Electricity was still working in the city center but state radio ceased broadcasting after the blasts. Minutes later, a new announcer broke in on state radio's frequency, apparently from the U.S. military, speaking in Arabic.

"The facilities of the Iraqi regime have started to be hit," the new announcer said.

Reuters correspondents saw nine U.S. strike aircraft taking off between 0030 and 0130 GMT from Qatar's Al Udeid airbase.

They turned on their afterburners and climbed away almost vertically from the desert base. Two large aerial refuellers accompanied the jets in bright moonlight.

A Reuters correspondent aboard the aircraft carrier Abraham Lincoln in the Gulf said Tomahawk cruise missiles had been fired. Rear Admiral John Kelly said four cruisers and two submarines had fired. One missile had failed, he said.

Reuters correspondent Luke Baker with U.S. soldiers massed on the Kuwait-Iraq border said three missiles roared overhead before dawn, their rocket burners lighting up the night sky.

The Iraqi capital had taken on the air of a ghost town on the eve of Bush's deadline. Shops and restaurants were shut and the streets deserted. Thousands of people, those who could afford cars and petrol, had fled the city on Wednesday.

Trenches had been dug and sandbags placed around official buildings and handfuls of militiamen with Kalashnikov rifles posted outside in recent days.

"God willing we will be victorious. We don't fear America and we don't fear any wars. We are ready to fight," said Kabel, who was in his early 30s and wearing military fatigues.

FRONTLINES QUIET

Bush and British Prime Minister Tony Blair (news - web sites) have massed 280,000 troops in the region to kill or capture Saddam, overthrow his government and rid Iraq of chemical and biological weapons that the United States accuses it of stockpiling.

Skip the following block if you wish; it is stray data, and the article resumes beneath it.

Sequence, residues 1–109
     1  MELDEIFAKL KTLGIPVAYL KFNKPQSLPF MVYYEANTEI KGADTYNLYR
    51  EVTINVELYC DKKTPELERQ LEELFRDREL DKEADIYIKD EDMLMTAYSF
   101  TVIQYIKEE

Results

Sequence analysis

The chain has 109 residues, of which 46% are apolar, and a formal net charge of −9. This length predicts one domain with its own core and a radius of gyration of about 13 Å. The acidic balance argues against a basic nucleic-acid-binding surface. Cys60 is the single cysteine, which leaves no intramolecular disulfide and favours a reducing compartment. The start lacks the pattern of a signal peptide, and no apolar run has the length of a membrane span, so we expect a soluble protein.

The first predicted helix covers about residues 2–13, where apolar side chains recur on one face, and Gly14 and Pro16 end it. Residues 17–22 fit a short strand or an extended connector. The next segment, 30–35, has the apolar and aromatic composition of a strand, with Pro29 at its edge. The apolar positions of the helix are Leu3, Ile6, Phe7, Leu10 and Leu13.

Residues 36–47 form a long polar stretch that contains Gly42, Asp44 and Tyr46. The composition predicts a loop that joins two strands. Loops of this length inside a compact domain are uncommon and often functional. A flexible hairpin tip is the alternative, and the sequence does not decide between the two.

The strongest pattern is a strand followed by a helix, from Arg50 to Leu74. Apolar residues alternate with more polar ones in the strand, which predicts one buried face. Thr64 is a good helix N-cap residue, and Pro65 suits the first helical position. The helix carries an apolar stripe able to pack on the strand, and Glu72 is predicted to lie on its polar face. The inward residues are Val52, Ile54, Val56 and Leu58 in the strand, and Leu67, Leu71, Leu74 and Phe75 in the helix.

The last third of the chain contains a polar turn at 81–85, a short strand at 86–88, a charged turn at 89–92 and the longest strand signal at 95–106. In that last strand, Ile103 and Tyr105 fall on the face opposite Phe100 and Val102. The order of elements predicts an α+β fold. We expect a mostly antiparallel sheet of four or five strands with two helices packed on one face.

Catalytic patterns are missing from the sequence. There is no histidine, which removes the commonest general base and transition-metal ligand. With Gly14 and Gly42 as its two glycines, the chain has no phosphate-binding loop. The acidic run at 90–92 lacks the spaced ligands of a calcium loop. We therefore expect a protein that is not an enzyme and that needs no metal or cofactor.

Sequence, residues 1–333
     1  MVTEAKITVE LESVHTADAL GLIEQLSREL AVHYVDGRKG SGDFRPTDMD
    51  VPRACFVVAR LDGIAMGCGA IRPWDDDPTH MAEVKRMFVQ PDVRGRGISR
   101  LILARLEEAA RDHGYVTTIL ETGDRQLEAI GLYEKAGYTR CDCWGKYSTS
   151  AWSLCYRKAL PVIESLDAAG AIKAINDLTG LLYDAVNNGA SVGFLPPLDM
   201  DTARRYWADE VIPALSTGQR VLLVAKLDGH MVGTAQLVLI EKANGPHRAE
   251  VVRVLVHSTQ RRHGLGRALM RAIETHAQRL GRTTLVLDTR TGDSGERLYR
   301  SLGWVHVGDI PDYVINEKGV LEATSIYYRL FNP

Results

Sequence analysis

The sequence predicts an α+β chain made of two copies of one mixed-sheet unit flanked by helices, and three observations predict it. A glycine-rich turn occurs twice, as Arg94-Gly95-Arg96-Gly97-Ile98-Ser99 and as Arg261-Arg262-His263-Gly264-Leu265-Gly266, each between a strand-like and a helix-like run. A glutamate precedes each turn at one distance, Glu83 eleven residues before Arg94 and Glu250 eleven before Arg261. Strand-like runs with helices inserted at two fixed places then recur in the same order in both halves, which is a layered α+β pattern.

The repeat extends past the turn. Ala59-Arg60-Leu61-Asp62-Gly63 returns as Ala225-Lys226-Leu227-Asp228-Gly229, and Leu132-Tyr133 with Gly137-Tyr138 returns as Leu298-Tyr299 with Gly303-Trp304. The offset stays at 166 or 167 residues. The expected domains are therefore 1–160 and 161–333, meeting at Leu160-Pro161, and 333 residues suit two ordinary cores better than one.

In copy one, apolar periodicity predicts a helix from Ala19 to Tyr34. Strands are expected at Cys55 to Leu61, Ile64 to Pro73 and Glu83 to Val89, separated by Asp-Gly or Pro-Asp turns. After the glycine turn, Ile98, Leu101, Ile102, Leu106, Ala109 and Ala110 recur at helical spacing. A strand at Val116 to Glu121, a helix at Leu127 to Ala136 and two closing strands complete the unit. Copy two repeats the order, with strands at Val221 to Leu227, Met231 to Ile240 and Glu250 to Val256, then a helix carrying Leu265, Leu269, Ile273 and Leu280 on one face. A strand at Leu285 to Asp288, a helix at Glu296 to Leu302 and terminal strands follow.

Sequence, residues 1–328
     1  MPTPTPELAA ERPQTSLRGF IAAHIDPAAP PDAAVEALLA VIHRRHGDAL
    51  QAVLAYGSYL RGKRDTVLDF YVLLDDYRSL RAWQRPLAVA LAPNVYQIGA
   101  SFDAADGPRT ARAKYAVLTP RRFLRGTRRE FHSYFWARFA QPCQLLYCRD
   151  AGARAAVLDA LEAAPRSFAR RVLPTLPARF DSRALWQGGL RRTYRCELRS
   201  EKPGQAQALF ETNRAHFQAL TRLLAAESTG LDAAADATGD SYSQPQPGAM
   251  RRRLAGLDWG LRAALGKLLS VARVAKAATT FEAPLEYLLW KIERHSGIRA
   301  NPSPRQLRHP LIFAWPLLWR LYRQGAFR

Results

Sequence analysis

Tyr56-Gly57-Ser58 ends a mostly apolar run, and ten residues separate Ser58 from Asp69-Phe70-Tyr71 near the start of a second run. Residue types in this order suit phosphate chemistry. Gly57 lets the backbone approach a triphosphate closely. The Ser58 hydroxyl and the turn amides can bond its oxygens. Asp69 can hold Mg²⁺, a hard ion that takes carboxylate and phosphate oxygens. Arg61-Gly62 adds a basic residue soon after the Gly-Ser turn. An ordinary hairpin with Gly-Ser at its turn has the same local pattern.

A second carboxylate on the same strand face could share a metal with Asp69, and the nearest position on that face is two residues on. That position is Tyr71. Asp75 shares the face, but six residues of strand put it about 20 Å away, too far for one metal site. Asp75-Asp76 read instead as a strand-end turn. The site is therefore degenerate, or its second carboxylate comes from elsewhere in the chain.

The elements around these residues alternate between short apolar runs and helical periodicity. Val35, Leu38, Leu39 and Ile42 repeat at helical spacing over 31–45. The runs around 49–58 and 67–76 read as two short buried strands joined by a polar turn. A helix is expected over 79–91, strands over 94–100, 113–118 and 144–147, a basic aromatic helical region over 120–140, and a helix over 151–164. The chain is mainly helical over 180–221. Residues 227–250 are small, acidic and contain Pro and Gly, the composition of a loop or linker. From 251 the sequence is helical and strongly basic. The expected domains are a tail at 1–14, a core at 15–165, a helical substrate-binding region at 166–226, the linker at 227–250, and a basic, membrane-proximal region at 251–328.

Iraq denies having such weapons. The war has sharply divided Washington's allies.

U.S. officials had said upward of 3,000 satellite-guided bombs and cruise missiles would be unleashed from sea and air on targets vital to Saddam's government to start the war.

In northern Iraq, where Kurds run their own affairs under the protection of a post-Gulf War (news - web sites) no-fly zone, the de facto frontier with Saddam's forces was also quiet.

Reuters correspondent Jon Hemming, on the Kurdish side of the border near the town of Dohuk, said Kurdish fighters told him 10 Iraqi military trucks had moved up to the Iraqi lines on Wednesday evening and local residents said Kurdish "peshmerga" guerrillas had reinforced their own lines.

Hemming also said a handful of European-looking men in civilian clothes had headed for a position nearby with Kurdish guards. Kurdish fighters say they have been cooperating with U.S. special forces in the region, which lies close to the Iraqi cities of Mosul and Kirkuk, the main oil center in the north.

The United States had wanted to open a northern front to attack Iraq from NATO (news - web sites) ally Turkey.

But, faced with popular opposition to war on fellow Muslims, Ankara balked at letting U.S. troops onto its soil.